Back in the early 60s, Ray Croc was looking for a way to make more money on Fridays -- receipts were down at that time in Catholic areas, due to the more widely-observed tradition of eating no meat on Fridays. So Ray came up with this massive failure of an idea, which basically replaced the meat with a slice of grilled pineapple. Response to this varied from "pardon me, I think you forgot my burger" to "I'm not Catholic, I'm Hawaiian" to "This would be great for a vegetarian in the mid-90s desperately searching for any decent meat replacement."
6. Carl's Jr Breakfast Burger
This may be the most literal burger name in existence, because in the same way that a cheeseburger is a burger with cheese on it, this is a burger with breakfast on it. It's not a burger just designed to be eaten at breakfast; it uses breakfast as a topping: fried egg, bacon, and hash browns, to be precise. (I hear that if you ask for it, they'll soak the bun in orange juice for you so that it's a healthy part of a complete breakfast.) Truly the most important burger of the day.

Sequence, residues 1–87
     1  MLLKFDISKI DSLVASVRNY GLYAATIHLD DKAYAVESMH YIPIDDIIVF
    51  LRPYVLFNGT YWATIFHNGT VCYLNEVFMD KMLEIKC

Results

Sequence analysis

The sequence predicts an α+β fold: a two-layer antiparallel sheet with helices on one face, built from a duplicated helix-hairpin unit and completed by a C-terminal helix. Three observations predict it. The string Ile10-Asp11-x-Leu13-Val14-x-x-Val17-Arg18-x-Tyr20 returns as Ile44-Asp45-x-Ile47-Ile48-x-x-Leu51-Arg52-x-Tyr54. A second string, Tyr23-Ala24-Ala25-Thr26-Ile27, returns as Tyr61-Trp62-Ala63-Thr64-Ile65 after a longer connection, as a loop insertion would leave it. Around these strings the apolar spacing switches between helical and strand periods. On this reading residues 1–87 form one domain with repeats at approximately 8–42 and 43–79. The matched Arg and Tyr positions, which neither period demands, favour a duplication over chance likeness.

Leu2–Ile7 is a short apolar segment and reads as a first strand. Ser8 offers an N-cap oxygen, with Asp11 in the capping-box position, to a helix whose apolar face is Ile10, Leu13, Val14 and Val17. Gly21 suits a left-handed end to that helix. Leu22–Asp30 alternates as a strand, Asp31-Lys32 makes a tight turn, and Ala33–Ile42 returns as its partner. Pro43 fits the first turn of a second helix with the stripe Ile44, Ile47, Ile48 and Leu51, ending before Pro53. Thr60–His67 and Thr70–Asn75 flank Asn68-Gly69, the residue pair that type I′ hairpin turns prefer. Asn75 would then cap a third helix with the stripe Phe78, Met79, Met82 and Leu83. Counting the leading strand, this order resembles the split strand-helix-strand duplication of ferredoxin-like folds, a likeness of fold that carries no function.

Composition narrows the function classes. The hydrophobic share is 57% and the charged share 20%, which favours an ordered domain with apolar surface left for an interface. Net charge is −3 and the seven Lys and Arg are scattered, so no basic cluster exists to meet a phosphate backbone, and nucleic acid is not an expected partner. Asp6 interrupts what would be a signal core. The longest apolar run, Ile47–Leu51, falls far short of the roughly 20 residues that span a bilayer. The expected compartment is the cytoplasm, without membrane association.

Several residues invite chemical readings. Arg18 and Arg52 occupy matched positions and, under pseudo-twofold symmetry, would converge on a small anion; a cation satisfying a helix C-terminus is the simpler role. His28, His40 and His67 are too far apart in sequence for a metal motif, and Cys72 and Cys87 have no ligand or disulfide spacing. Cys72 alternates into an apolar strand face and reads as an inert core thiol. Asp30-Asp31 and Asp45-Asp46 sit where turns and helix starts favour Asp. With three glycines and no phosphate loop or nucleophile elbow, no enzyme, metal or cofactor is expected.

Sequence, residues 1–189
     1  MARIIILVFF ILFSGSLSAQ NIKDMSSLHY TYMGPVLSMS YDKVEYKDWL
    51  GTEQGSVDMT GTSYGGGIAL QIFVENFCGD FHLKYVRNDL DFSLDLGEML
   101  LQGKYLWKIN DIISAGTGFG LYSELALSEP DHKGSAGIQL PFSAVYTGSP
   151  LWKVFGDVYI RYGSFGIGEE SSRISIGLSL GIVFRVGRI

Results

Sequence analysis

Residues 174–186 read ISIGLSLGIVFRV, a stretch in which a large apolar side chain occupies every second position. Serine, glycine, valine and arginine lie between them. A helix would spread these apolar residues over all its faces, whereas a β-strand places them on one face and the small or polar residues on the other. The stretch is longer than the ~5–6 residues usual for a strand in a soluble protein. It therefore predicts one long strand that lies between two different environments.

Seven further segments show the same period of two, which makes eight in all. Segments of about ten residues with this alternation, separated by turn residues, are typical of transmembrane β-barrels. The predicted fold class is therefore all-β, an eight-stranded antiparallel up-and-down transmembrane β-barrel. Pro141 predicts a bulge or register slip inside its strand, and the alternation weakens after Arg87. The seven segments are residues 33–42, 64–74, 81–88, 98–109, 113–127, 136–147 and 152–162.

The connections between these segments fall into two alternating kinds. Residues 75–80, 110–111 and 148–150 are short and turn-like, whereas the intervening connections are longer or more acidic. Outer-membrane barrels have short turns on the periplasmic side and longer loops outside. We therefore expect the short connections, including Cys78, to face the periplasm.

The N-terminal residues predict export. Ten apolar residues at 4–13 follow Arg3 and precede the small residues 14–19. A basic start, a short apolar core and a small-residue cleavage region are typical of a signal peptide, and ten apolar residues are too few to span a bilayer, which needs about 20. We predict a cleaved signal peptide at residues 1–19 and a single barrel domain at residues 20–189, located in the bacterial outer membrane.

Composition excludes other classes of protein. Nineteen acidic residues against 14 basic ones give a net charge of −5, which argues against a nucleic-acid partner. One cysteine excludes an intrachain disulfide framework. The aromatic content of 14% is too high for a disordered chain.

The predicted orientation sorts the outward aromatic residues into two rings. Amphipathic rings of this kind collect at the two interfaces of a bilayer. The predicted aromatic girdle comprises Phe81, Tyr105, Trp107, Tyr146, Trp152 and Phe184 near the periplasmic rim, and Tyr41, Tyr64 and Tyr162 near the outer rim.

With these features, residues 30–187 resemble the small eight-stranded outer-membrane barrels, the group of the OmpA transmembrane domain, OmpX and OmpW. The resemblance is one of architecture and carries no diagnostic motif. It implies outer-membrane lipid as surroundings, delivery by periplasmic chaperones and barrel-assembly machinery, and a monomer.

5. Arch Deluxe
The Arch Deluxe was McDonald's attempt to inject a little sophistication into their menu. "The burger with the grown up taste" was the tag line -- which didn't take into account, really, that grown-up taste pretty much precluded going to McDonalds. It was also introduced by way of an ad campaign that featured kids saying "I don't get it," and even "yucky" (which is I suppose what the girl in the attached ad is trying to communicate-- either that, or "I'm licking your coupon"), which were sentiments to which adults tended to respond with general agreement and ultimate disinterest.
4. McLean Deluxe